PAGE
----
Almost any moment of the four-hour hearing offered a stunning illustration of the extent of the bad behavior by these corporations. Take Amazon, whose CEO, Jeff Bezos, often seemed off-balance and unaware of his corporation’s own practices. Congresswoman Lucy McBath played audio of a seller on Amazon tearfully describing how her business and livelihood was arbitrarily destroyed by Amazon restricting sales of their product, for no reason the seller could discern. Bezos acted surprised, as he often did. Representative Jamie Raskin presented an email from Bezos saying about one acquisition that: “We’re buying market position not technology.” Bezos then admitted Amazon buys companies purely because of their “market position”, demonstrating that many of hundreds of acquisitions these tech companies have made were probably illegal.
Mark Zuckerberg had to confront his own emails in which he noted that Facebook’s purchase of Instagram was done to buy out a competitor. His response was that he didn’t remember, but that he imagined he was probably joking when he wrote that. [Congresswoman Val Demings] asked Zuckerberg why he restricted Facebook’s tools for competitors like Pinterest, but not for non-competitors like Netflix. He had no answer. Congressman David Cicilline asked about Facebook promoting incendiary speech and making money off advertising sold next to that speech. Zuckerberg pivoted to free speech talking points, and Cicilline cut him off, “This isn’t a speech issue, it’s about your business model.”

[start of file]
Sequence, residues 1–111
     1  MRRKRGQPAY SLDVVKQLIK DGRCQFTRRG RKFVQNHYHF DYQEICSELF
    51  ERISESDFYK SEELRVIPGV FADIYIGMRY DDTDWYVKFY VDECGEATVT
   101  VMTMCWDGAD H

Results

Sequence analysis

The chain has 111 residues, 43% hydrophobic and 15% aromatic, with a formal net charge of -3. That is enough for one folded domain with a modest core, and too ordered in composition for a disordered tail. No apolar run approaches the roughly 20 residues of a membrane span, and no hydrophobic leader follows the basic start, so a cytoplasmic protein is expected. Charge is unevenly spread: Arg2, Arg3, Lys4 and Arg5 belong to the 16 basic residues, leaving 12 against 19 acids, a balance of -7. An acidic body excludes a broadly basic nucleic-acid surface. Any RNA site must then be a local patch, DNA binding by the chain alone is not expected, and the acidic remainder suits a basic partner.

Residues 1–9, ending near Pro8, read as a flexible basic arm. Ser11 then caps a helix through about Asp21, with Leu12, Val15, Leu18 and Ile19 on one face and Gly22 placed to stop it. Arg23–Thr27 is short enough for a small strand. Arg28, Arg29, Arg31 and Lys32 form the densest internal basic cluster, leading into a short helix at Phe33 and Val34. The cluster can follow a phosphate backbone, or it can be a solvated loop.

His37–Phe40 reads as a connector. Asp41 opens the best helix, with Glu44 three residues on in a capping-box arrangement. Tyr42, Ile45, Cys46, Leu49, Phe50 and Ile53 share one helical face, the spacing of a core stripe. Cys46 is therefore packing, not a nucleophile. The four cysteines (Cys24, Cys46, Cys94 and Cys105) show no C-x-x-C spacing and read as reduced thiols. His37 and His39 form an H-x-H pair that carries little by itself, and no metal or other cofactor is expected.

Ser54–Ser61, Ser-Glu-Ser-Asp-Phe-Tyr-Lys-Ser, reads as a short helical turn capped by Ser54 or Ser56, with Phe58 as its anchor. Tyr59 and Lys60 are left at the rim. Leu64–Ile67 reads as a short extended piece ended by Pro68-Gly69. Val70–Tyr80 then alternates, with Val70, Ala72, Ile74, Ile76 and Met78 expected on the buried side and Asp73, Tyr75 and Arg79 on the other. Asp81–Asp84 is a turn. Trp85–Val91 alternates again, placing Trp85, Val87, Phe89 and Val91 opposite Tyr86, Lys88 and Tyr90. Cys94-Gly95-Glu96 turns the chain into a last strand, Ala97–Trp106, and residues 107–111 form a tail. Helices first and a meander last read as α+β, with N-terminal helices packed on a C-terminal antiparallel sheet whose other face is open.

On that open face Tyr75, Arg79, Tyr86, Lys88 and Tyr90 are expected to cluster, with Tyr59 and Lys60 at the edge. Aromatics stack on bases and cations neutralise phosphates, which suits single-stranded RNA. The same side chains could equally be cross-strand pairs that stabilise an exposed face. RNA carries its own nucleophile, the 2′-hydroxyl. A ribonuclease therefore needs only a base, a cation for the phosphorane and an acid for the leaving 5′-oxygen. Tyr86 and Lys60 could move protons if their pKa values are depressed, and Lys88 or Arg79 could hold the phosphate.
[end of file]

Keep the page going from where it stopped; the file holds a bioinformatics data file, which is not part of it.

Big tech’s dominance has serious consequences. America has lost thousands of media outlets because of the concentration of ad revenue in the hands of Google and Facebook; two-thirds of American counties now have no daily newspaper. The nation lost 100,000 independent businesses from 2000 to 2015, a drop of 40%, many due to Amazon’s exploitation of legal advantages from the avoidance of sales tax to its apparent violation of antitrust laws in underpricing rivals. Hundreds of thousands of merchants now depend on Amazon’s platform to sell goods, and Amazon has systemically hiked fees on them. Just a few years ago these third-party merchants paid 19% of their revenue to Amazon, now it’s up to 30%, which is, coincidentally, the amount Apple demands from hundreds of thousands of app makers who have to reach iPhone users. It’s no secret why small business formation has collapsed since the last financial crisis; these giant platforms tax innovation.
Matt Stoller on the.
It’s worth endlessly repeating that a large number of the business practices companies like Facebook and Amazon use to secure power, particularly the acquisition of rivals, are likely already illegal. It’s just the laws haven’t been enforced for, like, nearly two decades, basically as a direct result of neoliberal US government policies. And now… this.